In the elusive pursuit of happiness, 21st Century man has learned the more you have, the more you want. Once we obtain it, we must continue to get more, do more, or experience more to remain happy. More, it seems, is never enough in a culture drunk on materialism.
It almost seems as if the more possessions one has, the greater the need to possess more. Which only makes one wonder who is the one in control — man or his possessions?
Is happiness something we should pursue? Maybe it depends on how one defines happiness.
In 1995 I was on the wrong end of a lawsuit. As a result of an automobile accident, my wife and I were sued for essentially three times our net worth. Our liability insurance was not sufficient to cover the suit. It was time to take stock, it was time to contemplate the unthinkable — what if we lost it all?
The answer surprised me.
Eighteen months following the initiation of the lawsuit, the plaintiff dropped the case. Yet during those 18 months, those agonizing 18 months, my wife and I had to answer an unnerving question — what would we do if the bank balance said “zero?” It proved to be an epiphany of sorts as it forced us to reevaluate our priorities.
It changed our lives.
We discovered that losing the things the world uses to define success and happiness was not a threat to who we were or what we had. The things of true value, the things of eternal significance, could never be taken from us. I think it was a missionary, Jim Elliott, who was quoted as saying, “It is no sacrifice to lose what you cannot keep to gain what you cannot lose.” With the clarity that comes through adversity, we realized that life’s most important things were not things. And there is a difference between contentment and happiness. Should we lose this lawsuit, we would not lose our faith, marriage, family, or health. These would not be lost.
In hindsight, it was at this time that I began to appreciate the simple things in life and realized, maybe for the first time, that it was in these simple pleasures that contentment, true contentment, could be found.
Happiness can be fleeting, always waiting for the next experience to delight our senses. But no matter how chaotic the world around us might be, true contentment is steadfast.
When the lawsuit was finally dropped, life did not return to normal. Our attitude toward our finances changed. We took financial stewardship more seriously — beyond just a more appropriate liability policy. We recommitted ourselves to be generous givers and faithful stewards.
Our attitude toward a simpler lifestyle changed too. We no longer took for granted the simple pleasures of life. We discovered the best things in life are the simplest. They cost little if anything and provide memories that warm the heart and nourish the soul.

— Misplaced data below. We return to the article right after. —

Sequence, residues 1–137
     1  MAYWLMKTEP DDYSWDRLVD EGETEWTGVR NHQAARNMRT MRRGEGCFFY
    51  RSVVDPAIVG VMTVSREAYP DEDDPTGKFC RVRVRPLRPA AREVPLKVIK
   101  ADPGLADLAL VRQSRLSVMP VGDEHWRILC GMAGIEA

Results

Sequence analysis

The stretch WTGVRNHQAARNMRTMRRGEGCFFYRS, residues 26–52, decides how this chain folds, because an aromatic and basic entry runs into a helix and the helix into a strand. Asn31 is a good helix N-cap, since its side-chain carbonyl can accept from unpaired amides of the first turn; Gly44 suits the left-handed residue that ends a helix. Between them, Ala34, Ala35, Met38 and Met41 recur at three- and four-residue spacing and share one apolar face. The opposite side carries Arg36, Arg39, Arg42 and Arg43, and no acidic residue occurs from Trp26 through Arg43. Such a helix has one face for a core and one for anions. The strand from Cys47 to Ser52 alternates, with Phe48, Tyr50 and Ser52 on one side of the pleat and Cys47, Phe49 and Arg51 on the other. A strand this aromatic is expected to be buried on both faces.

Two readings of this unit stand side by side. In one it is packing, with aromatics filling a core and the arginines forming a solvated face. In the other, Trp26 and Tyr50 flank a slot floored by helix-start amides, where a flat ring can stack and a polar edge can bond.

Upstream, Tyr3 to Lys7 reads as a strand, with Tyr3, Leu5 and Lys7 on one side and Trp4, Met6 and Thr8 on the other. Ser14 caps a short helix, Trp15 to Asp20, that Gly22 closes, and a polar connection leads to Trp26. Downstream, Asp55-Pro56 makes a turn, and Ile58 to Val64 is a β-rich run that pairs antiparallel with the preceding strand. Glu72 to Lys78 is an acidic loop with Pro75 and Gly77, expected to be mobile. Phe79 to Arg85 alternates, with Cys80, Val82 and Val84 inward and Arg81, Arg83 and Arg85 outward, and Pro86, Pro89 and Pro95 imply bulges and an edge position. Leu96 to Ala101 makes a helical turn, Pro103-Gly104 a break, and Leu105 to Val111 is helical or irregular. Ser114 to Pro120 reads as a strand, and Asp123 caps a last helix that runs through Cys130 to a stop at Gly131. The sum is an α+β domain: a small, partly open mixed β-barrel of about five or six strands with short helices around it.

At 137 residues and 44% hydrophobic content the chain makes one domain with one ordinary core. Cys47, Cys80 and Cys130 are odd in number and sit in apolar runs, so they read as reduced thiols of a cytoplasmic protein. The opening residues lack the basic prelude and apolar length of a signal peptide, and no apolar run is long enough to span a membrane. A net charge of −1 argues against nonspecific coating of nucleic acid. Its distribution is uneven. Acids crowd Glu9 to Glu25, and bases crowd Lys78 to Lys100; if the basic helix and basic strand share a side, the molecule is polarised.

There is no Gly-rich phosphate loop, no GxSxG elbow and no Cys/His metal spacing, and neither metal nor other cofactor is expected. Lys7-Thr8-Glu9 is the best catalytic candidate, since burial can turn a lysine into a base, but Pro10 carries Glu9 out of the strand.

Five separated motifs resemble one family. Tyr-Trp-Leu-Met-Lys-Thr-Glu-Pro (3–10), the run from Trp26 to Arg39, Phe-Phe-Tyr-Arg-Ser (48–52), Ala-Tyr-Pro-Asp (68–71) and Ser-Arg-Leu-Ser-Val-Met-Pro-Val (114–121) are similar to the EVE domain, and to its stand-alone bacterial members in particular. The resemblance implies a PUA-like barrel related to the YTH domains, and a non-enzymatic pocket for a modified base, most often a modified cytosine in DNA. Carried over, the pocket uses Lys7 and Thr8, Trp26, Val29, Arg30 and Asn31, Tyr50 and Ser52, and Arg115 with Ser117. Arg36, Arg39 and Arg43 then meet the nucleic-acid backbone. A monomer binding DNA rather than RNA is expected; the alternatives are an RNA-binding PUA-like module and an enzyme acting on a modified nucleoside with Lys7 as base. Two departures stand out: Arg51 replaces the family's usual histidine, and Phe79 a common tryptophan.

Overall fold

I recently paused to count my joyful blessings and remembered that those blessings make a rather long list — all of which can be described as life’s simple pleasures. I thought I’d share my current list with you. But don’t blink. The list continues to grow with each passing day.
What are some of my simple pleasures?
- Freedom to worship the Lord.
- Being in love and like with my wife.
- Singing a praise song to God in acapella — with a few thousand of my closest brothers and sisters.
- Rocking my five children to sleep (when they were babies) as they lay on my chest — and now my grandchildren too.
- Wrestling with my grandsons or chasing my grandchildren around the room.
- A hot shower after a hard day’s work in the summer heat.
- Getting mail, not the junk kind, but personal letters.
- Standing on top of Pike’s Peak, turning 360 degrees and being lost in the awesome wonder of God and His creation.
- Hearing my favorite songs on the car radio and singing along with the windows rolled down.
- Taking a walk around the block with my wife or family.
- Lying in bed, listening to the rain outside.
- Holding a newborn baby, especially one of mine.
- Chocolate milkshakes from Arby’s.
- Watching the sunrise over the Atlantic and walking along the beach at sunset.
- Laughing for absolutely no reason at all or laughing so hard, my face hurts.
- Making eye contact with my wife and smiling cause we know exactly what the other is thinking.
- Good Friends.
- Waking up and realizing you still have a few hours left to sleep.
- Making new friends or spending time with old ones.
- Hot chocolate with whipped cream on top.
- Making chocolate chip cookies with my grandchildren.
- Watching a good movie cuddled up with my wife.
- Hugging my wife and sharing a long, slow kiss.
- Watching the expression on someone’s face as they open a present from you.
- Reading a book in front of a crackling fire on a cold winter’s day.
- Getting out of bed every morning and thanking God for another Beautiful Day!
- Helping someone in need anonymously.
- Experiencing the awe and wonder at discovering a new insight from the Scriptures.
- Knowing that God loves me and nothing can separate that love from me.
The list could go on and on. Simple joys whose value is priceless. Consider writing down your own summary of life’s simple pleasures.
One of the secrets of finding contentment, I have found, is to savor those simple-pleasure moments. For they serve as a reminder that true contentment cannot be found in things since “things” can never satisfy the longings of the human heart. Even an Arby’s milkshake offers only a temporary satisfaction to my chocolate cravings.
These simple pleasures point to something greater.
May your list be long as you discover the difference between contentment and happiness!
Philippians 4: 11-13: “Not that I speak from need, for I have learned to be content in whatever circumstances I am. I know how to get along with little, and I also know how to live in prosperity; in any and every circumstance I have learned the secret of being filled and going hungry, both of having abundance and suffering need. I can do all things through Him who strengthens me.” (NASB)